BARCELONA, Spain — When did virtual radio access networks (vRAN) become such a hot topic? Although it’s just the second day of Mobile World Congress, there’s already been a couple of big announcements around vRAN. From Verizon teaming with Intel and Nokia to develop a vRAN architecture based upon a trial the companies conducted in Oklahoma City to Cisco announcing a new open vRAN initiative specifically for mobile networks.
Now comes word that the xRAN Forum is merging with the C-RAN Alliance to form the ORAN Alliance, which obviously stands for Open RAN. I spoke briefly with Sachin Katti, a professor at Stanford University who heads up the xRAN Forum and will be in charge of the technical steering committee for ORAN. He said that the C-RAN Alliance is a group formed by China Mobile to look at virtualizing the RAN. The two groups realized they were conducting complementary work and decided to merge.
The xRAN Alliance first hit our radar about a year ago when the group partnered with the Central Office Re-architected as a Data Center (CORD) open source group. At the time, the two groups said they planned to work on a software-based, extensible Radio Access Network (xRAN) architecture. The news was particularly notable because xRAN Foundation members include some big operators like Deutsche Telekom, AT&T, Verizon, SK Telecom, Telstra and Docomo.
By combining with the C-RAN Alliance, ORAN now adds the firepower of China Mobile to the group as well as Orange, according to Katti.
But now it appears we’ve got three different initiatives — ORAN, Cisco’s Open vRAN, and the Telecom Infra Project’s (TIP) OpenRAN Group — all working on the same thing, which is basically to make the RAN more open using standardized interfaces and white box network elements.
What’s even more interesting is that many of the same companies (Mavenir, Altiostar, Intel, SK Telecom, and Nokia) belong to at least two of these groups and some belong to all three.
Katti said that he believes the OpenRAN and Open vRAN are complementary to ORAN because they appear to be more focused on interoperability testing and implementation and not on the structure or the architecture of vRAN.
Perhaps instead of focusing on the fact that there are so many initiatives working on opening the RAN network, I should instead look at why this is so important to operators.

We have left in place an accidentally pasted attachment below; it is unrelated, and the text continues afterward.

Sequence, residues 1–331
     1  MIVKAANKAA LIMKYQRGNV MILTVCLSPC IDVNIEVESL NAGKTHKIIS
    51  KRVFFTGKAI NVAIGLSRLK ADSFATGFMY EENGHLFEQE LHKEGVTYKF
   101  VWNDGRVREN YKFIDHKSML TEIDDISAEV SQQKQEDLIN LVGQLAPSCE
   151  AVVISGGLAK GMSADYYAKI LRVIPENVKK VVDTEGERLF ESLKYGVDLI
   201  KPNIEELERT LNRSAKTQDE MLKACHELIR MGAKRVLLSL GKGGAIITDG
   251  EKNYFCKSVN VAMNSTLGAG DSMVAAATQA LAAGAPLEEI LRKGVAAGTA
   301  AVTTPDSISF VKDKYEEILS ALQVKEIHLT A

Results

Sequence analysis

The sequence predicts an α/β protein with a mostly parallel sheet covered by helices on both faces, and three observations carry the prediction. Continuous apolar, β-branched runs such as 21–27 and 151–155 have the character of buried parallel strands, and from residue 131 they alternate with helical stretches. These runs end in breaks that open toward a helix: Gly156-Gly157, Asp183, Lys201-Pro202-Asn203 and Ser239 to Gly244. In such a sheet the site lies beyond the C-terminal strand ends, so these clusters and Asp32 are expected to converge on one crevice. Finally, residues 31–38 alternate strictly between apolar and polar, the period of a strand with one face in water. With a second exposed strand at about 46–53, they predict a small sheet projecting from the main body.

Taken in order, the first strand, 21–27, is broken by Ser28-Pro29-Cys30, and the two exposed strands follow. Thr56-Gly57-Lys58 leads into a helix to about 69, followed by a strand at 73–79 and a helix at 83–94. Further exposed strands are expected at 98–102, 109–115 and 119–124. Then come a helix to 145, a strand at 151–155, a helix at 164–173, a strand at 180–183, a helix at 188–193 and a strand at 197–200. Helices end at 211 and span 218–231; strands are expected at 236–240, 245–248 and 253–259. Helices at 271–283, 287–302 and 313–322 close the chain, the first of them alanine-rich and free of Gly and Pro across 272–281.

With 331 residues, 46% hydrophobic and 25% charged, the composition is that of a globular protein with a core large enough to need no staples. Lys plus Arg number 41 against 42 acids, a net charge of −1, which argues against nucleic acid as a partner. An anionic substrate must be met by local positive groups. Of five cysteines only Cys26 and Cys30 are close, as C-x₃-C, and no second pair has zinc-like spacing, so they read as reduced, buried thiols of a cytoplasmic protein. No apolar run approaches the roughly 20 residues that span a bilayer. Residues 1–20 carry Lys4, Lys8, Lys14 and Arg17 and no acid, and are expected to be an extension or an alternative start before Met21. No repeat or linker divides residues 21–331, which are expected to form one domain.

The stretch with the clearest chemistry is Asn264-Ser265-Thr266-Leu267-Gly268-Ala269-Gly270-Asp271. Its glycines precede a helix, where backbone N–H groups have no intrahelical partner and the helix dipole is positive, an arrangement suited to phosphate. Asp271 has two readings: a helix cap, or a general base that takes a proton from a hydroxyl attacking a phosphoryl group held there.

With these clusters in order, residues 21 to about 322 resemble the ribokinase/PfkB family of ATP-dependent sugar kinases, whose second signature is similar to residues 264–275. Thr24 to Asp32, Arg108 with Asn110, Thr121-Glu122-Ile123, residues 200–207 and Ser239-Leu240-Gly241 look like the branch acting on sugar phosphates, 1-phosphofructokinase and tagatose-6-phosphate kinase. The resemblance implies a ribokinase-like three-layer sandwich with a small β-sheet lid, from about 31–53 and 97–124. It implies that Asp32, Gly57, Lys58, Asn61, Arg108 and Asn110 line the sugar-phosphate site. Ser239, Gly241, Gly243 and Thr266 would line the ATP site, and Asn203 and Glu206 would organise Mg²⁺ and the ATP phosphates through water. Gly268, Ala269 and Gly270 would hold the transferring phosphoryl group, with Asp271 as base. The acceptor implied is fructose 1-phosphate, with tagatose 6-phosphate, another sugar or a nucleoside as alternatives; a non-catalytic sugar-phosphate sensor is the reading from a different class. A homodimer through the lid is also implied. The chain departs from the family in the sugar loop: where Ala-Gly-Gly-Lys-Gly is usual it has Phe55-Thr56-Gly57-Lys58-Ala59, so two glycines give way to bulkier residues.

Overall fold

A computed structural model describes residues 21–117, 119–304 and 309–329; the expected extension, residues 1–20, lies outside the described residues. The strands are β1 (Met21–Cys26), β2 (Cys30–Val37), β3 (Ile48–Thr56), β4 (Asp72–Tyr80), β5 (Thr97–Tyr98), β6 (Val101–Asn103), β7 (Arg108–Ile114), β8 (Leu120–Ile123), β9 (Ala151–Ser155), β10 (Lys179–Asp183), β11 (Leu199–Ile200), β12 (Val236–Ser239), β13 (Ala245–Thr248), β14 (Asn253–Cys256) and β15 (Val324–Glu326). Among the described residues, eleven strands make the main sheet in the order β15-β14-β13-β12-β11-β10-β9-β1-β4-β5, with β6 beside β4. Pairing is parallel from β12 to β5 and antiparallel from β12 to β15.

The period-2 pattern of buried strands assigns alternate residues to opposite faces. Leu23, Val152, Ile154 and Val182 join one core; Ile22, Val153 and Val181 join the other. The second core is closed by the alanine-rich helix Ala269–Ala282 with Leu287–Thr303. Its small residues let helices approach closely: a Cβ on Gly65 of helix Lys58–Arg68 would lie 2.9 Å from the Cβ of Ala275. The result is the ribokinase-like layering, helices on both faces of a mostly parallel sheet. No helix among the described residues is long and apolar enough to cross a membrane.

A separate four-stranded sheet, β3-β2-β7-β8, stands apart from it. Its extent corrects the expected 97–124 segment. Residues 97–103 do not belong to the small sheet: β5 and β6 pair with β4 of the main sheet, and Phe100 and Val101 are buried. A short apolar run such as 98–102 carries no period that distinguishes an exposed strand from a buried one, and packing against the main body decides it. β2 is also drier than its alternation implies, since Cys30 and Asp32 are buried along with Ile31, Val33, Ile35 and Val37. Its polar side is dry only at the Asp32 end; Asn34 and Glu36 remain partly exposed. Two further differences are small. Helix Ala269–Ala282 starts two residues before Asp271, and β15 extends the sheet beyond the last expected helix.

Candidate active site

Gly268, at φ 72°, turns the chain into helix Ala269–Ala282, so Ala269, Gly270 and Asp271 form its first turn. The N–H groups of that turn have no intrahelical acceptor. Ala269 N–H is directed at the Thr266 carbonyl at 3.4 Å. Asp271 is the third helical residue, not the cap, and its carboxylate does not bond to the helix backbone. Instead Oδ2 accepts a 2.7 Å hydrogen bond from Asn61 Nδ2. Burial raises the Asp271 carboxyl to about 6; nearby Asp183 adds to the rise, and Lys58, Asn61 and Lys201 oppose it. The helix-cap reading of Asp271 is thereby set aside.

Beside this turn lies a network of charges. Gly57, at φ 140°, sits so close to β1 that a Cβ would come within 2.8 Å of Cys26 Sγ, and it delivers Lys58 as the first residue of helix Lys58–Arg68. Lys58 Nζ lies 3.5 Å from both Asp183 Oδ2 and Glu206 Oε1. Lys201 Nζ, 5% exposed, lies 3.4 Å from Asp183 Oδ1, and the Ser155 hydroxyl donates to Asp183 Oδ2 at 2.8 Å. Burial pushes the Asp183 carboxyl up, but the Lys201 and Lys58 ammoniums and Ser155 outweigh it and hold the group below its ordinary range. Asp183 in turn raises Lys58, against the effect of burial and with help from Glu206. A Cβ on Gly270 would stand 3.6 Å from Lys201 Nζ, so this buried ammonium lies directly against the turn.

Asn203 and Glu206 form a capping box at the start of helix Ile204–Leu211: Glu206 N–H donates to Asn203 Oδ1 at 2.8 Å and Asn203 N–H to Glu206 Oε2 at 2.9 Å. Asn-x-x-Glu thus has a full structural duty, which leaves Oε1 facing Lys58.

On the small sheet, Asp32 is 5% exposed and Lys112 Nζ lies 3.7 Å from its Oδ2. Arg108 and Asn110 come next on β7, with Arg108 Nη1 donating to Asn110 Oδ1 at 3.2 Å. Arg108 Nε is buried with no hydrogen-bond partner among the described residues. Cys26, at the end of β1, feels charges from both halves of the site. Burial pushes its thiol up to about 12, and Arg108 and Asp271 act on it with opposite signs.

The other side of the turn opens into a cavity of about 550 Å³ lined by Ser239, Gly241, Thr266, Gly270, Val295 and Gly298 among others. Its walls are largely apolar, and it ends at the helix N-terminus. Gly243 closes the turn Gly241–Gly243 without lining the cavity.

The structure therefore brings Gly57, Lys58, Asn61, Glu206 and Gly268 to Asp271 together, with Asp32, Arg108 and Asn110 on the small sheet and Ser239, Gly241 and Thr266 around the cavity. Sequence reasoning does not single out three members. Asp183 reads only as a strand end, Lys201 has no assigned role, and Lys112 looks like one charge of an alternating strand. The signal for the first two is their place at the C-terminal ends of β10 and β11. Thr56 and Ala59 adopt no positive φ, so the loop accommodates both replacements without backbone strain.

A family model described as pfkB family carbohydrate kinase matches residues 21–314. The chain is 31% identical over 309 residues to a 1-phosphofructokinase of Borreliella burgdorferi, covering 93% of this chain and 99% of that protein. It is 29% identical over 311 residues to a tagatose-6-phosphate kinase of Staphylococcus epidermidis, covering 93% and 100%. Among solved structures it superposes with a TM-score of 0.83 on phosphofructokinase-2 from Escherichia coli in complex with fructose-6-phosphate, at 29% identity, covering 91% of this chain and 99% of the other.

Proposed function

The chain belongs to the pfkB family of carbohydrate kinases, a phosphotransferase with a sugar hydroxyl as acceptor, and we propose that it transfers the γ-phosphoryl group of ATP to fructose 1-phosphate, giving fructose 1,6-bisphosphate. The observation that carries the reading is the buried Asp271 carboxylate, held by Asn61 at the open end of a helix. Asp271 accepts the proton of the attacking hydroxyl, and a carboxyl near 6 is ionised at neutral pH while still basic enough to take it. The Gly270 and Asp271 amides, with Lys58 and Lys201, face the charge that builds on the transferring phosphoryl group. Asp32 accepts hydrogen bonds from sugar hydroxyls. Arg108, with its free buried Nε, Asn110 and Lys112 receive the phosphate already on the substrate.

Igal Elbaz, SVP of wireless network architecture and design at AT&T, shed some light on the topic when I met with him yesterday. He said that all these developments around vRAN are good for the operators because it’s a difficult task and something that requires joint effort from both vendors and operators. “We should absolutely look at this,” he said, noting that AT&T has always been in favor of open networks that are software-based and flexible. So far, however, AT&T has not announced anything about virtualizing its RAN network.
Nicki Palmer, chief network officer at Verizon, noted that open source is a journey for the company but said that it is committed to it. Palmer noted that vRAN doesn’t just bring cost benefits, but it also gives the operator a speed to market advantage.
But There’s More
Of course there’s more going on at Mobile World Congress than just some dry discussions about virtualization and the network. Here are a few tidbits that I’ve gathered as I walked the show floor and mingled with the masses.
- Although Ericsson still commands a large space in Hall 2, it is smaller than in the past with less room devoted to exhibits and more space left to meeting rooms.
- AT&T, once a premiere player in the GSMA’s Innovation City, is no longer a part of that display. Instead the operator hosts a much more subdued space in Hall 4.
- The rain and cold temperatures definitely put a damper on the GSMA’s new “South Village” area outside of the South Entrance to the Fira. Companies like Verizon and Equinix and Amazon Web Services (AWS) have few visitors to their outside meeting areas and patios. Even the food vendors in that area are idle (pro tip: get your food and drink here without waiting in line).
- Perhaps the worst job in all of the Fira Gran Via belongs to the workers handling “crowd control” who were stationed along the hallways holding megaphones while sitting atop lifeguard-like perches. I never saw a single one of them use the megaphone. I guess this MWC crowd was too tame.
- I spotted a friendly face from the past at the Ericsson media event Tuesday morning. Kris Rinne, the former SVP of network planning and technology at AT&T Labs, was visiting the booth. Rinne retired from AT&T in late 2014 but serves on Ericsson’s board. She said she’s happily spending her time traveling with her church and doing humanitarian work around the globe.